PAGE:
I saw this movie on TV many years ago. Unfortunately, you won't find anything written about it that does it justice. The cultural conflicts depicted in the film go beyond that between the African veterans and their French army masters. Early in the film, there's a conflict between the African veterans and an American military contingent. Instead of stepping in and resolving it, the French allow it to fester and sneeringly look down on the Americans as just a bunch of hopeless racists (how very very European of them). When the French are finally dragged in to resolve things, there's an amusing scene where the de facto leader of the Africans (being the only man in the camp fluent in French and English) has to act as interpreter for his supposed superiors.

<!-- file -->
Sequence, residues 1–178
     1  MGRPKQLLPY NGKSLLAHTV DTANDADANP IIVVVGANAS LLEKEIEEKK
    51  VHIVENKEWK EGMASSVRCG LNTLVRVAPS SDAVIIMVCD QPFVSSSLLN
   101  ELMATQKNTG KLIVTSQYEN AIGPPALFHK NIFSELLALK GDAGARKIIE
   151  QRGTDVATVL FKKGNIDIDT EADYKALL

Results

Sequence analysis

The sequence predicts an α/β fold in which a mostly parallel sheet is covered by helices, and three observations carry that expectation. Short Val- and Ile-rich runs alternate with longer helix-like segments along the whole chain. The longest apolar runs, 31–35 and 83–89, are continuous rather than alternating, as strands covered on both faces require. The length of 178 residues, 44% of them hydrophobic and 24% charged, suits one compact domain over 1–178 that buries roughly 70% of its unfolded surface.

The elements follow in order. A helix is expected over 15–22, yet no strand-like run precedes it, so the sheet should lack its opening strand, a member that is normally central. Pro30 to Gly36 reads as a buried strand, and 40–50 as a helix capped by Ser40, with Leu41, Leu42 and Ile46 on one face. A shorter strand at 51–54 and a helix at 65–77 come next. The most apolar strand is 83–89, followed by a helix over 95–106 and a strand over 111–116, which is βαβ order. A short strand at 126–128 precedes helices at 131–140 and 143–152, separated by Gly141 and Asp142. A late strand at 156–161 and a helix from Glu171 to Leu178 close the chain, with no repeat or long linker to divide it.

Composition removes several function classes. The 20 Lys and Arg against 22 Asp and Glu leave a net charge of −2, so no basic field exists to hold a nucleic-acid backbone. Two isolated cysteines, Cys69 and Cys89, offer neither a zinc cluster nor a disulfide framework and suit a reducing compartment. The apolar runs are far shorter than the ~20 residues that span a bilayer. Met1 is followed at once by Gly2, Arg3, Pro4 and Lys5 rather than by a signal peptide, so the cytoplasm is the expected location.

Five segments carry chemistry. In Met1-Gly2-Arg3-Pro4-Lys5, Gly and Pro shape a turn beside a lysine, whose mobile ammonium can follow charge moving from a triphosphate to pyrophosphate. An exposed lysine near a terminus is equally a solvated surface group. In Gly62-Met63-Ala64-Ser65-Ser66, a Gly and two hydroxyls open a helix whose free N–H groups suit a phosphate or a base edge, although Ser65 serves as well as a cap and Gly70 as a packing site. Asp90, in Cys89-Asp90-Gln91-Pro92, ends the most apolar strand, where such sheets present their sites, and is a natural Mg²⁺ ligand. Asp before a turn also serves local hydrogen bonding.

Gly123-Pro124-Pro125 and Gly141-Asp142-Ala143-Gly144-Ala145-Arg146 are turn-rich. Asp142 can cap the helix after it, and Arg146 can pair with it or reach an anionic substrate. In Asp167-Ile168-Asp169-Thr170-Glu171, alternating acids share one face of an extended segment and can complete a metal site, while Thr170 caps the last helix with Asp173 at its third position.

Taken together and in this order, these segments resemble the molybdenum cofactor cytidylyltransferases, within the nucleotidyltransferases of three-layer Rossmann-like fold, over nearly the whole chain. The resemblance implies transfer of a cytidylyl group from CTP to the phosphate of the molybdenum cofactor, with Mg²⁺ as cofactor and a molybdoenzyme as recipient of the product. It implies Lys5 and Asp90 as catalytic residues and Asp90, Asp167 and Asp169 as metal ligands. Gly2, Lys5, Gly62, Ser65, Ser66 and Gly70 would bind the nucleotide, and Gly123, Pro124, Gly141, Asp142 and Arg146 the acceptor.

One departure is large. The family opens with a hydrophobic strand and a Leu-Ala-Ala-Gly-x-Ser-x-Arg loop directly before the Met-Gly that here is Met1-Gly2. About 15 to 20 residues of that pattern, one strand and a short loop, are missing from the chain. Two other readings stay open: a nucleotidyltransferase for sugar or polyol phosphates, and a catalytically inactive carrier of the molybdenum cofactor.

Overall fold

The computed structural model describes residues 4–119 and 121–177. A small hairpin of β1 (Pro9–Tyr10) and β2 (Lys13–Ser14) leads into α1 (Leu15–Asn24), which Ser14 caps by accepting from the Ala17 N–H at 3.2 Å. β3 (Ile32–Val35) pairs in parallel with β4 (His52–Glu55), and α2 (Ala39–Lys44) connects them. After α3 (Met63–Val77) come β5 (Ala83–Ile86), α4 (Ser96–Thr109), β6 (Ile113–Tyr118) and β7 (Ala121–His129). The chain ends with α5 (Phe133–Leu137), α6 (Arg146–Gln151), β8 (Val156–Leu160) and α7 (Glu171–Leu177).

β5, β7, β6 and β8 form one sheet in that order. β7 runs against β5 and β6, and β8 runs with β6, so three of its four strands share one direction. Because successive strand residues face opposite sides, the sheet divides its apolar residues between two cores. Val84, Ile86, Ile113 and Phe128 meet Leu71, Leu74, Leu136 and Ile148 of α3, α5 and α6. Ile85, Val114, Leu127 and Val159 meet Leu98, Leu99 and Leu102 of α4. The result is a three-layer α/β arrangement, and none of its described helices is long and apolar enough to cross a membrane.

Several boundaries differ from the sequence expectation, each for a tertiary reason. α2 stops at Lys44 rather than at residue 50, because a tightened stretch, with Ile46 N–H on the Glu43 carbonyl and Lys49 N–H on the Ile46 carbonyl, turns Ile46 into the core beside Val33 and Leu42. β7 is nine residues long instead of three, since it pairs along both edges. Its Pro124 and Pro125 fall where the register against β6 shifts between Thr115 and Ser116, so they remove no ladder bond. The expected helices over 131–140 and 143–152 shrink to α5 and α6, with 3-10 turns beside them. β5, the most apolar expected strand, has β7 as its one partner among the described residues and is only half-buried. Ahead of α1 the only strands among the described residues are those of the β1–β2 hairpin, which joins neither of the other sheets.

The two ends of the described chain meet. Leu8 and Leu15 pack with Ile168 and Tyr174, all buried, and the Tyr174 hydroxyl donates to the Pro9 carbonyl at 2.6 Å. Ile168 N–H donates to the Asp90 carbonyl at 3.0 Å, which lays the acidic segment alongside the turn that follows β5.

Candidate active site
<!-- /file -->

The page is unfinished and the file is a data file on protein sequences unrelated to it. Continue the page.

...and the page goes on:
I was dfrawn into the movie initially because it features a mute, shell shocked, excitable character amongst the African veterans who wears a German army helmet and whose frequent bouts of anxiety are quelled only by the sound of the German propaganda song Lili Marleen. It's interesting characterization amongst many in this very underrated movie.